Saprobic on surface of culms of T. fortunei. Sexual morph: Ascomata 205–317 μm diam. (x̄ = 261 μm, n = 30), solitary or aggregated in groups, immersed, forming slightly raised as blistering areas on the host surface, long axis horizontal to that of the host, 18–41 μm high × 155–207 μm broad, in transverse section, ellipsoid, ostiolate, coriaceous, black, flat. Peridium 24–27 μm thick, composed of 2–3 several layers of flattened, light-brown cells. Asci 108–121× 9–14 μm (x̄ = 114 × 12 μm, n = 20), 8-spored, unitunicate, cylindrical, mostly straight, pedicellate, with a J-, subapical apparatus, 4.2–4.9 μm high, 5.5–6.8 μm diam. Ascospores 56–72 μm × 3–4 μm (x̄ = 66 × 3.3 μm, n = 30), fusiform, hyaline, obliquely 1–2-seriate, tapering gradually from the center to the ends, with multi-guttules in each cell, pointed processes. Asexual morph: Undetermined.

Figure 7. 

Oxydothis fortunei (Holotype, GMB0315) A stromata on host substrate B close-up of ascomata C cross-section of the ascomata D longitudinal section of an ascoma E peridium F–H asci I apical apparatus (stained in Melzer’s Reagent) J, K ascospores. Scale bars: 0.5 mm (B–C); 10 μm (D–K).

Culture characteristics

Ascospores germinated on PDA within 24 hours at 25 °C, colonies are reaching 4.5 cm diam. circular, transparent, thin, colony reverse is same. Not sporulating on OA nor on PDA.

Specimen examined

China Guizhou Province, Long gong scenic spot (26°04'35.02"N, 105°52'15.04"E), on surface of culms of T. fortunei, 5 December 2021. Altitude: 1120m, Q.R. Li and X. Xu, 2021 LG9 (GMB0315, holotype; KUN-HKAS 123430, isotype; ex-type living culture GMBC0315).

Other examined material

China, Guizhou Province, Long gong scenic spot (26°04'47.41"N, 105°31'10.34"E), on surface of culms of palm, 7 December 2021. Altitude: 1095m, Q.R. Li and X. Xu, 2021 LG15 (GMB0389; living culture GMBC0389).


Oxydothis fortunei is morphologically similar to O. nonamyloidea K.D. Hyde and O. rhapidicola S. Konta & K.D. Hyde in the shape of ascospores (Hyde 1994; Hidayat et al. 2006; Konta et al. 2016). However, the ascospores of O. fortunei (56–72 × 3–4 μm) are shorter than those of O. nonamyloidea (94–115 × 3.5–4.5 μm) and O. rhapidicola (47–50 × 3–5 μm). Moreover, it is distinguished from O. rhapidicola since the latter has a blue slit-like ascus subapical apparatus in Melzer’s reagent (Konta et al. 2016). Oxydothis fortunei showed the close kinship to O. inaequalis (100% ML, 1 BYPP; Fig. 3). However, O. fortunei differs from O. inaequalis by its shape of the ascospores, and the J- ascus subapical apparatus as well as the smaller ascospores (56–72 × 2.9–3.9 μm vs. 78–100 × 5–6 μm) (Hidayat et al. 2006).


In this study, two new species and two new records associated with bamboo and palm were introduced based on phylogenetic relationships of combined ITS, LSU, SSU, rpb2 and tef1 sequences and morphological evidences.

There are a large number of fungi associated with bamboo and palm in China (Hyde et al. 2002; Phukhamsakda et al. 2022). Studies on the diversity of bamboo and palm fungi can be of economic significance and of academic value (Arnold and Lewis 2005). According to statistics, there are nearly 500 bamboo species distributed in 37 genera in China, which play an important role in human life, such as in the fields of architecture, production tools, artwork, and landscaping, etc. (Zhao and Wei 2018). In China, palms are mainly used for ornamental purposes in landscape gardens (Fetouh et al. 2018). About 2,450 species of palm plants were documented in the world, belonging to 183 genera (Qureshimatva et al. 2018). The rich and diverse ecosystems composed of these bamboo and palm resources provide good habitats for fungi to survive, creating the diversity of fungal species (Cheek et al. 2020). There are 75 genera and 189 fungal species on bamboo that have been reported in mainland China, and 79 species and 58 genera of bamboo fungi that have been reported in Hong Kong (Yong et al. 2009; Shukla et al. 2016). Many species of Roussoella have been introduced from the bamboo (Liu et al. 2014). New collections of Roussoella also were saprophyte on bamboo. Most species of Oxydothis were discovered on palm including O. fortunei (Konta et al. 2016). This is the first introduction of Neomassaria species associated on bamboo (Ariyawansa et al. 2018; Yang et al. 2022). In this study, four microfungi were introduced, which enriches the diversity of fungi on bamboo and palm in China. Meanwhile, all those four species are saprophyte on and accelerates the decay of bamboo or palm. As an ideal growth substrate for fungi, bamboo fungi are rich in species, and there are a large number of fungi to be discovered.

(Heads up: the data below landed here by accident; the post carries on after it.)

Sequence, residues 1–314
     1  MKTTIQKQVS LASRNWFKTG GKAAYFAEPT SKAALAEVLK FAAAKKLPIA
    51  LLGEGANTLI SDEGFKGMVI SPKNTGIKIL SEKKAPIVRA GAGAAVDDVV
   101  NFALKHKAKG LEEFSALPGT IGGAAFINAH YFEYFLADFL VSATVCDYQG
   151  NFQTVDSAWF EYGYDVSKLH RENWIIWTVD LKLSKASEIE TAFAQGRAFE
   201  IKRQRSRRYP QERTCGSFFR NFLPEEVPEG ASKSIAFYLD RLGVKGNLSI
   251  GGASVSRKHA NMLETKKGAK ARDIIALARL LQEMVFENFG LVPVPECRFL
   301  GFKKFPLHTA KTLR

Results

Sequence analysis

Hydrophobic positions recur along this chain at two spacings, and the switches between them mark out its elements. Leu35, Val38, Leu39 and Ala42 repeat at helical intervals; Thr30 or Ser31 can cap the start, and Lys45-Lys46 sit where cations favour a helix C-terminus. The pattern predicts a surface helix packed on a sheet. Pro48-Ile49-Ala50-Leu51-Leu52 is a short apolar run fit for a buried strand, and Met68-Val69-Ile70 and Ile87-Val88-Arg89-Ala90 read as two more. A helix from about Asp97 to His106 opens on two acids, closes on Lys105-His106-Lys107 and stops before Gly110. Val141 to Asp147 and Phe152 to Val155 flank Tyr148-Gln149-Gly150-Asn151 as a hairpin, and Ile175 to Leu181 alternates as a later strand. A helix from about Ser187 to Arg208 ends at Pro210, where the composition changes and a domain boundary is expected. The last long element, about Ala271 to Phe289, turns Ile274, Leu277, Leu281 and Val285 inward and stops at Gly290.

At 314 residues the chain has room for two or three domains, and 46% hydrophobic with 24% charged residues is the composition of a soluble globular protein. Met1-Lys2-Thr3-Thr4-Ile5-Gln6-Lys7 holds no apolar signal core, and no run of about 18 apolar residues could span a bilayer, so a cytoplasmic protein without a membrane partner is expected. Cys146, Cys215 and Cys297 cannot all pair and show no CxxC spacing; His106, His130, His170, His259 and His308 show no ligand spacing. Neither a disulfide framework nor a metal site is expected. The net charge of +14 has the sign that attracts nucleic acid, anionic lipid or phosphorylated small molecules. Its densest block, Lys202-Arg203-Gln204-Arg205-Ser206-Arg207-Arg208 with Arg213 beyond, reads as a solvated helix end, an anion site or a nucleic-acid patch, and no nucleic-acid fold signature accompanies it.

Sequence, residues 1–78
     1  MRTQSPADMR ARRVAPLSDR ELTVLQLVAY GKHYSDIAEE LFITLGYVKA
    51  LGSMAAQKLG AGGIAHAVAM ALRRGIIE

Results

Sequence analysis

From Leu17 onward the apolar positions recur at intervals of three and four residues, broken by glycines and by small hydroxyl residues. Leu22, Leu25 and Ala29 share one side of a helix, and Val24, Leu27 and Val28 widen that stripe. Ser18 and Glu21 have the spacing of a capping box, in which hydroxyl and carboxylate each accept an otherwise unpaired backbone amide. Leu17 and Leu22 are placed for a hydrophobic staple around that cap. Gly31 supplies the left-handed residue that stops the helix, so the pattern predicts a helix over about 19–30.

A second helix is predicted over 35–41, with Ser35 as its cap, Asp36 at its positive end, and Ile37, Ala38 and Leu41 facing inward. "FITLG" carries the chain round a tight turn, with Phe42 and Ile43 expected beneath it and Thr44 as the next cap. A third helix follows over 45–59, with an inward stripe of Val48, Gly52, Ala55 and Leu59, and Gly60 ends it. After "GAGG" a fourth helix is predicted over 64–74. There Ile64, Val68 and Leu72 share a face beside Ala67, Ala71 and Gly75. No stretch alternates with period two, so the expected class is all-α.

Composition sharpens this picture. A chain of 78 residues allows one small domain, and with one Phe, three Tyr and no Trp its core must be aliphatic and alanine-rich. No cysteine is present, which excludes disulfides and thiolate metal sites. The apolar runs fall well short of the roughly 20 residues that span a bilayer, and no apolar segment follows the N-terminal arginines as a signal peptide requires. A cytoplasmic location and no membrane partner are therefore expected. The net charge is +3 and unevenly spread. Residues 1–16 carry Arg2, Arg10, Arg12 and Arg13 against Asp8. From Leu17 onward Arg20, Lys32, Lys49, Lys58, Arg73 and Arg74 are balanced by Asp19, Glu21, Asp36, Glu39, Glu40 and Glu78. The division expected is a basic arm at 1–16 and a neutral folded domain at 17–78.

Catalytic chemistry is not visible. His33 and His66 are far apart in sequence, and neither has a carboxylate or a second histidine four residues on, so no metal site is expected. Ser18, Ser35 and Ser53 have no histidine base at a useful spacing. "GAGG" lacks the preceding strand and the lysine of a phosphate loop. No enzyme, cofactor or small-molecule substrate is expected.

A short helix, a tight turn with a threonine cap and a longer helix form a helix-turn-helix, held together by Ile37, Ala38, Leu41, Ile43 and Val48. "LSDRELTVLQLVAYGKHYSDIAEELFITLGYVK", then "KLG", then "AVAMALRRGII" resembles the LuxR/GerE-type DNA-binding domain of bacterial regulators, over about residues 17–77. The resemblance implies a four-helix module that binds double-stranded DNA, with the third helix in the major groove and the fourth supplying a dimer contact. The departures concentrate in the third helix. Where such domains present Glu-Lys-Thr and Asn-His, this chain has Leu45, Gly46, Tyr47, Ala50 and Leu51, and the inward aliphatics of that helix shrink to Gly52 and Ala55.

This research was supported by the National Natural Science Foundation of China (31960005 and 32000009); the Fund of the Science and Technology Foundation of Guizhou Province ([2020]1Y059); Guizhou Province Ordinary Colleges and Universities Youth Science and Technology Talent Growth Project [2021]154.